If I just use HashMap in my class, I can always just import java.util.HashMap.
If I am using more classes from a util package, I can say java.util.* / import all the classes individually as above.
I saw code which uses 10 classes from util and the developer had imported all classes individually.
If I import the whole package, all classes in the package are available to my class.
What happens when I import the whole package. Will all the classes are loaded into JVM?
So is it a good idea to import whole package / for optimizing reasons import classes individually.
Which one is better?
No, nothing will be loaded. It's just a way of telling the compiler where to look for the classes you're using. Some people prefer to import every class individually.
Personally, I use 'mass import' for the well known standard packages. You may expect from any Java programmer worth their salt that they can find a Map in java.util, an InputStream in java.io and a Socket in java.net.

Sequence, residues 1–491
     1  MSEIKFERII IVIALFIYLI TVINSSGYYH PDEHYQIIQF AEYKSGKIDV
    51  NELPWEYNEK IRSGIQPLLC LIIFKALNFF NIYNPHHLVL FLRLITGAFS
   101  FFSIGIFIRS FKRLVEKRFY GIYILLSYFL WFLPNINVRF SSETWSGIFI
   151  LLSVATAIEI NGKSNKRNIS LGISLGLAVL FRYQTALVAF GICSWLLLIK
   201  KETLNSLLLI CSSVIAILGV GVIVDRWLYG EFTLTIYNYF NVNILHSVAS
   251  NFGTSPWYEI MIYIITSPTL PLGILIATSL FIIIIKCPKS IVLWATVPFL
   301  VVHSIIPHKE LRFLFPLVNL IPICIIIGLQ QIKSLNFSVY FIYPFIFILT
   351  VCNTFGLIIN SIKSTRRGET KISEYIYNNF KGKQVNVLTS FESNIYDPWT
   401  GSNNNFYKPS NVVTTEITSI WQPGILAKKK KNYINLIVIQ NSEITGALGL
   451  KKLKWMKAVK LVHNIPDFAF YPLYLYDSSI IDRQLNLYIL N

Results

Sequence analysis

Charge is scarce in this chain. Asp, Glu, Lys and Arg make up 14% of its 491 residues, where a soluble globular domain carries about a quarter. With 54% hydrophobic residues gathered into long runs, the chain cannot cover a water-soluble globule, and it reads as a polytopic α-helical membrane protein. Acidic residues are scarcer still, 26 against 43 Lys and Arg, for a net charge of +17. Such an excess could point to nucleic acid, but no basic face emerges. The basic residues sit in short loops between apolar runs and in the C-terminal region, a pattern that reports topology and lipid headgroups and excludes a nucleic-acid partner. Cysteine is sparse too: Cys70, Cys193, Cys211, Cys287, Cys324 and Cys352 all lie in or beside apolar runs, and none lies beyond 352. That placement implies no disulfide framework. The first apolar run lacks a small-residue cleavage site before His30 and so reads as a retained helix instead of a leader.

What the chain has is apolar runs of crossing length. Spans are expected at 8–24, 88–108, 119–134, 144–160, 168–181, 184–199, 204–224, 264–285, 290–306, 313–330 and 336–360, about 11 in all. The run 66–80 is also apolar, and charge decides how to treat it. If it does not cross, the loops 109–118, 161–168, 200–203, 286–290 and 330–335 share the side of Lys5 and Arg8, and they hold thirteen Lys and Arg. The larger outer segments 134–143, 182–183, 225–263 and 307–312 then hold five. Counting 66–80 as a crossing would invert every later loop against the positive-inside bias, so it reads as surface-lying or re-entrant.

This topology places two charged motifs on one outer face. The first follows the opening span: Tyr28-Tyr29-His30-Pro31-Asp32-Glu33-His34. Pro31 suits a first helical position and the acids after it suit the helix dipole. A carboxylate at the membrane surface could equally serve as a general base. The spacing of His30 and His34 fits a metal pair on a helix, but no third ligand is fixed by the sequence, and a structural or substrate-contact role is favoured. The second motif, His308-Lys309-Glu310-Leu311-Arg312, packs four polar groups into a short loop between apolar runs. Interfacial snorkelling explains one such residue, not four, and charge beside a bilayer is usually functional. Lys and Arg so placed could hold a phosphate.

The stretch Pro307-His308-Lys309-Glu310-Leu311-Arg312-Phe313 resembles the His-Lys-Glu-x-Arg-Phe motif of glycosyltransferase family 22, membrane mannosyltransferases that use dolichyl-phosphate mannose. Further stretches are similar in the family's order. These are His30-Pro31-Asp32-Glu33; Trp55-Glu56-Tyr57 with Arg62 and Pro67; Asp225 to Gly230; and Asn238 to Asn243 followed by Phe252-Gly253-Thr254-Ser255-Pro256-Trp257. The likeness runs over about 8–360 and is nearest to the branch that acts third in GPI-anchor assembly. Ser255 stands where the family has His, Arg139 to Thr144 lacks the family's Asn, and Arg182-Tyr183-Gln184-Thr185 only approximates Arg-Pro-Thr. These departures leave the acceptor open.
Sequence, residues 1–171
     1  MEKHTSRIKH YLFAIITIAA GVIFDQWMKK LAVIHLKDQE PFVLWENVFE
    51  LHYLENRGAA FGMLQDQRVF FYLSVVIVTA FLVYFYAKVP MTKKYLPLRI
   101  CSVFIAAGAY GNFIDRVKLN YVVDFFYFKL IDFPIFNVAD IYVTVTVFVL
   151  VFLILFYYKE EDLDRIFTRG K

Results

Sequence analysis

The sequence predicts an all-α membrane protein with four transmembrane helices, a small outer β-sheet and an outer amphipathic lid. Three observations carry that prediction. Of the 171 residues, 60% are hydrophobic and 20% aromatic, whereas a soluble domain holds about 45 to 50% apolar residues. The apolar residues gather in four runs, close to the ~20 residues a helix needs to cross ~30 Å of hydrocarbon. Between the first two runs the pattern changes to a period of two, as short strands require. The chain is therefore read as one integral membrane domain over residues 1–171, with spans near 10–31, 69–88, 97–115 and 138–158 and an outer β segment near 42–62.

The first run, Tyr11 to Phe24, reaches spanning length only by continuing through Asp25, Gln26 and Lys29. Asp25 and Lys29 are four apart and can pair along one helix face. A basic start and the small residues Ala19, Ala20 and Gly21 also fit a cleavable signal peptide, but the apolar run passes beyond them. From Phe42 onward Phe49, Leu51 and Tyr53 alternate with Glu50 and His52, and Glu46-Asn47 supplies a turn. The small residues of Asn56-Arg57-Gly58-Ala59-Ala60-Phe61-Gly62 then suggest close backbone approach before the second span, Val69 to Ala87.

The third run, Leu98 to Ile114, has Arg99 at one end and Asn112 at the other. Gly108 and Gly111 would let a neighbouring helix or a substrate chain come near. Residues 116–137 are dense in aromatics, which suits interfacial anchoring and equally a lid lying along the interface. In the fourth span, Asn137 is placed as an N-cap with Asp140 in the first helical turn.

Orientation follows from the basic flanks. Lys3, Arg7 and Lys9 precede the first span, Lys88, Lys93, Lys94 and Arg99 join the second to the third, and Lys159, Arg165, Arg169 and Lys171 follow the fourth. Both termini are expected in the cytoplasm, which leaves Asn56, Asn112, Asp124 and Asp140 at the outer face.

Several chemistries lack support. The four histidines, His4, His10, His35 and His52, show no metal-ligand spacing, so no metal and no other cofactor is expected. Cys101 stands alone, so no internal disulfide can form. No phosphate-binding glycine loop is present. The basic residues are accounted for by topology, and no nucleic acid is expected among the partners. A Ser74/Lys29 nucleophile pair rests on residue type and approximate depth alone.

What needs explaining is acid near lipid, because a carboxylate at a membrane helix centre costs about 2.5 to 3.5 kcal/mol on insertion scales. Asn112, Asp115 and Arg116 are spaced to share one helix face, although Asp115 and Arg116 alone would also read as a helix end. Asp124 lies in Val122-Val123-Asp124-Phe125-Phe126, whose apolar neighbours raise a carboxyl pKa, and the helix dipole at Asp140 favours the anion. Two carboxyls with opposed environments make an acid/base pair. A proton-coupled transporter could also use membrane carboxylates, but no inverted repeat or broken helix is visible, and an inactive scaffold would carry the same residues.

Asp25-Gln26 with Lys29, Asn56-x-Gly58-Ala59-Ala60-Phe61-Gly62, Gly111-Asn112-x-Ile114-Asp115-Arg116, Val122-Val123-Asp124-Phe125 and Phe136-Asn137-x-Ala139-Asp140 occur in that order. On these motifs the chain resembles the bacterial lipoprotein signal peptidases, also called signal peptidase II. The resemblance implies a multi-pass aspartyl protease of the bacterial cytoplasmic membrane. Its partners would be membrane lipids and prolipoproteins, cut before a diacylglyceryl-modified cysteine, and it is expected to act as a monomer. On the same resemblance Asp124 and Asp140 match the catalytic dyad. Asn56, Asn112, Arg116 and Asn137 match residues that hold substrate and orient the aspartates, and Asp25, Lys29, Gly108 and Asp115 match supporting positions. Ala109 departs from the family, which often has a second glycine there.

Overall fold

Classes I've written myself, or that are otherwise not found in these packages I mostly import individually.
The mind is a strange and wonderful thing. I'm not sure that it will ever be able to figure itself out, everything else, maybe. From the atom to the universe, everything, except itself.
Importing is a compile time mechanism. It doesn't make any classes being loaded at runtime. Only classes you actually use are loaded. Importing only allows you to write HashMap in your code instead of java.util.HashMap.
As for which one is better: both are. It all depends on your preferences. There are people (and I am one of them) that like to specify each import individually. This has two advantages:
1) it's a bit clearer from which package a used class comes
2) you prevent ambiguities
Let me clarify the second with an example:
If you always specify the imported classes individually (I let Eclipse handle it ) you don't get this problem.